Visiting professor of bioethics explores the basis for fundamental human rights


Is every human being a subject of rights?  Does every human being have full moral status?  Patrick Lee, McAleer Professor of Bioethics and Director of the Institute of Bioethics at the Franciscan University of Steubenville, addressed these questions in a lecture delivered in the Eck Hall of Law on March 26.  The lecture, “Moral Status and the Margins of Human Life,” was sponsored by the Natural Law Institute.

After Gerard Bradley, Professor of Law and Director of the Natural Law Institute, introduced him, Lee began by noting that man encounters two classes of things in the world: those things that are morally permissible to use as mere means, and those that man has a duty to respect.  Lee asked, “By what criterion do we draw the line between those two sorts of beings?  What is the basis in reality for drawing the line between subjects of basic rights, on the one hand, and beings that are not subjects of rights, on the other?”

Lee also sought to address the question of the extension of basic rights: “Are all human beings subjects of fundamental rights?  Do all human beings have full moral status?”

Whether every human being is a subject of rights is a meaningful question, Lee argued, and one that is hotly contested.  Some philosophers argue that “some human beings—for example, unborn human beings, or radically cognitively impaired human beings—do not have the property that grounds or confers full moral status.”

Lee made his disagreement with such philosophers clear from the outset: “I will argue that every human being is a subject of rights.  I will argue that the status-conferring property is having a rational nature, or more explicitly, being a substance with a rational nature, and that every human being is a substance with a rational nature and therefore is a subject of rights.” The remainder of the lecture was devoted to defending these claims.

The criterion for being a subject of rights could be either an accidental characteristic or set of characteristics or a substantial nature.  “Most philosophers agree that the moral status-conferring property must be a capacity of some sort,” Lee explained.  “For there is no actual behavior performed at all times by all subjects of rights—people who are asleep or in reversible comas are subjects of rights and yet do not seem to be engaging in activities of the kind that might be a ground for moral status.”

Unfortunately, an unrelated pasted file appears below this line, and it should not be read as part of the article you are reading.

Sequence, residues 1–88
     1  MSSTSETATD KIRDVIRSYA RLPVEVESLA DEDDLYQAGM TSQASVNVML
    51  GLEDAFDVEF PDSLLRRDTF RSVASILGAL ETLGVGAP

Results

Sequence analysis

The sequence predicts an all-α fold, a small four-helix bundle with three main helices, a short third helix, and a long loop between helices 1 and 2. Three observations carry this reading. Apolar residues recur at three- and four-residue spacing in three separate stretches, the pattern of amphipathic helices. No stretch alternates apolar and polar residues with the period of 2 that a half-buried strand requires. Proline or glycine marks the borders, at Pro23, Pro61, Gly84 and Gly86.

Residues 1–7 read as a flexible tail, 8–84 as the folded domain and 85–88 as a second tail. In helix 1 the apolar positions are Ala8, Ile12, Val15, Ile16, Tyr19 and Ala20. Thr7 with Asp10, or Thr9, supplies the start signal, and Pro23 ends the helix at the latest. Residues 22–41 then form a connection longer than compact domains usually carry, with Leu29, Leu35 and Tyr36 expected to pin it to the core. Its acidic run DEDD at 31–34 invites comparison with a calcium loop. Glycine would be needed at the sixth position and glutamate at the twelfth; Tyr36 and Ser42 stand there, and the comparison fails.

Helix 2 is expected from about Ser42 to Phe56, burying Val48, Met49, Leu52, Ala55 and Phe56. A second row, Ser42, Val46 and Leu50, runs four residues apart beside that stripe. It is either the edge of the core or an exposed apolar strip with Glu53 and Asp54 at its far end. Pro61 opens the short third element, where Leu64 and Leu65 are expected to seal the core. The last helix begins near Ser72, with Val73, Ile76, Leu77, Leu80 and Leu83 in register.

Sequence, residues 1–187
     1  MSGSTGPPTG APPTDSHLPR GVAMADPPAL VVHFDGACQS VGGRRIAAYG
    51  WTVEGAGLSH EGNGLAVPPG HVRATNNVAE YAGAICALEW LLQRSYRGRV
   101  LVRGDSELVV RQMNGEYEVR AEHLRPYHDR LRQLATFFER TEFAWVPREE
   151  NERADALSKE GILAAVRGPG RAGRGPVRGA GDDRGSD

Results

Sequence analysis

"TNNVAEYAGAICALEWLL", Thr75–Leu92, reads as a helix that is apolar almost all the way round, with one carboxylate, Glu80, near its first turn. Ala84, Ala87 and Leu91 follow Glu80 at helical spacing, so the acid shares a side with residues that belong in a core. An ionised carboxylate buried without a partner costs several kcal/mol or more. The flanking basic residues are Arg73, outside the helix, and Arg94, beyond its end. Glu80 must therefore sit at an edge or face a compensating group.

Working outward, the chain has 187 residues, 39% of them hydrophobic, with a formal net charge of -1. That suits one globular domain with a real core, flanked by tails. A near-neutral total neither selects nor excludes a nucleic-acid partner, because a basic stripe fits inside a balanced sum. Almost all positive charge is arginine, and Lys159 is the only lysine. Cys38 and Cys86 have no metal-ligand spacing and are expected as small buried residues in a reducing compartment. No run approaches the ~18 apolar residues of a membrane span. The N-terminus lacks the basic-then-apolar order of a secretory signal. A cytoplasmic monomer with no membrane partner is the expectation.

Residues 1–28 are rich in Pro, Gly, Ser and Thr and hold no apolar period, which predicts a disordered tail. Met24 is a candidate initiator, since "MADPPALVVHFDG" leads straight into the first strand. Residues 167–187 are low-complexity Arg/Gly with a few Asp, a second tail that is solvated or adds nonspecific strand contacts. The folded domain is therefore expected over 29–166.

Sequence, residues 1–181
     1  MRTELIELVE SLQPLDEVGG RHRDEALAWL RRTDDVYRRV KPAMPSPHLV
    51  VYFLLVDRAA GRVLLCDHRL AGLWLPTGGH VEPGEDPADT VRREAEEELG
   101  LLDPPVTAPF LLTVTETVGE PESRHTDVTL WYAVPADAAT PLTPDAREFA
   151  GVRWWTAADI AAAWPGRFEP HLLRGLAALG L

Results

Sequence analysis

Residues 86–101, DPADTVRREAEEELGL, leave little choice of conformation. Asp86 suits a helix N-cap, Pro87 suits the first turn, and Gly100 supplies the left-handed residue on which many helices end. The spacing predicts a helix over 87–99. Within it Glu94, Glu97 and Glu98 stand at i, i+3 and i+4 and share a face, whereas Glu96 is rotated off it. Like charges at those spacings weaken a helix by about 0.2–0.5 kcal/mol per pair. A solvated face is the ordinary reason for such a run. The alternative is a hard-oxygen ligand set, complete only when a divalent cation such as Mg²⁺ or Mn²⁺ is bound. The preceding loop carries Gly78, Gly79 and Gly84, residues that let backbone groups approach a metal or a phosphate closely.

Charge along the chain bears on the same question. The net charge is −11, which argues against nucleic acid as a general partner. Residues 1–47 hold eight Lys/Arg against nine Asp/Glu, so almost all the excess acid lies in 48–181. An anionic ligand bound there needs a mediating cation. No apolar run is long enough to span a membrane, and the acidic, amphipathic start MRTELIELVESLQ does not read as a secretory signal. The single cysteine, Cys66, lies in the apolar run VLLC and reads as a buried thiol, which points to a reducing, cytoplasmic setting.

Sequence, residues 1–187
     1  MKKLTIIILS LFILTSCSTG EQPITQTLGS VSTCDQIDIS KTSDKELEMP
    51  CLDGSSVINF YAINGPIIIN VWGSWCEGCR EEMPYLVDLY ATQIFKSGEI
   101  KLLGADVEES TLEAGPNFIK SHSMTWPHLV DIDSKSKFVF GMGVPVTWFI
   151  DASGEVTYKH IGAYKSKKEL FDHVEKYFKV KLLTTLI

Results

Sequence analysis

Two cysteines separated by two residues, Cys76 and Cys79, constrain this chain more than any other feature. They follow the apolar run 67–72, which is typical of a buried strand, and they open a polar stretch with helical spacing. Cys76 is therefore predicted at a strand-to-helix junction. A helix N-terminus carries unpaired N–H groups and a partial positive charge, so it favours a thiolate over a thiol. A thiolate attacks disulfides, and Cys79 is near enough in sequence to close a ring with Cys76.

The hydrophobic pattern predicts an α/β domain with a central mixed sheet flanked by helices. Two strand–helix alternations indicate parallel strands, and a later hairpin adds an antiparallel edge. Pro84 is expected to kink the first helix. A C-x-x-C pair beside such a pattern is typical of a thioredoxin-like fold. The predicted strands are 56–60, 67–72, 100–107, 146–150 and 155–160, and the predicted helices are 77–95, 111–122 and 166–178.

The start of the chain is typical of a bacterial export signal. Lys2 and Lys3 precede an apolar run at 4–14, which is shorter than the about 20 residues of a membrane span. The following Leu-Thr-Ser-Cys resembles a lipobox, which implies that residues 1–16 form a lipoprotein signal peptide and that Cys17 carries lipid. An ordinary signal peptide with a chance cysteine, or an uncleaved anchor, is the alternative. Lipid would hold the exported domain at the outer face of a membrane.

There are two types of capacities: proximate capacities and radical capacities.  Proximate, or immediately exercisable, capacities “are capacities that one can exercise right now, or at least in the immediate future, perhaps needing an external stimulus.”  Radical capacities, Lee explained, “are ones that it might take some time to exercise, or that might require one to pass through several intermediate steps before one fully actualizes the capacity in question.”

Lee argued that there is decisive reason for supposing that a radical capacity, and not only an immediately exercisable capacity, is the proper ground for being a subject of rights—namely, because the difference between the two types of capacities is merely a difference between stages along a continuum.  “The proximate, or immediately exercisable, capacity for self-consciousness or rational acts is only the development of an underlying potentiality that the human being possesses simply by virtue of the kind of entity it is,” Lee said.  “The capacities for reasoning, deliberating, and making free choices are gradually developed, or brought towards maturation, through gestation, childhood, adolescence, and so on.”

Lee clarified this claim with the following argument: “If A and B differ only in that B has a greater degree of development than A does of the same basic capacity that both A and B possess, and it would be wrong to kill B or treat B as a mere thing, how could it be morally permissible to kill A or treat A as a mere thing?  If they differ only by degree, and B is a subject of rights, how could A fail to be a subject of rights?”

Lee concluded that “there are strong reasons to conclude that we are valuable as subjects of rights in virtue of the fundamental kind of being we are.  The status-conferring property is a substantial nature, rather than an accidental characteristic or set of accidental characteristics.” This conclusion implies that the human being is a subject of rights from the moment that he comes to be until the moment he dies.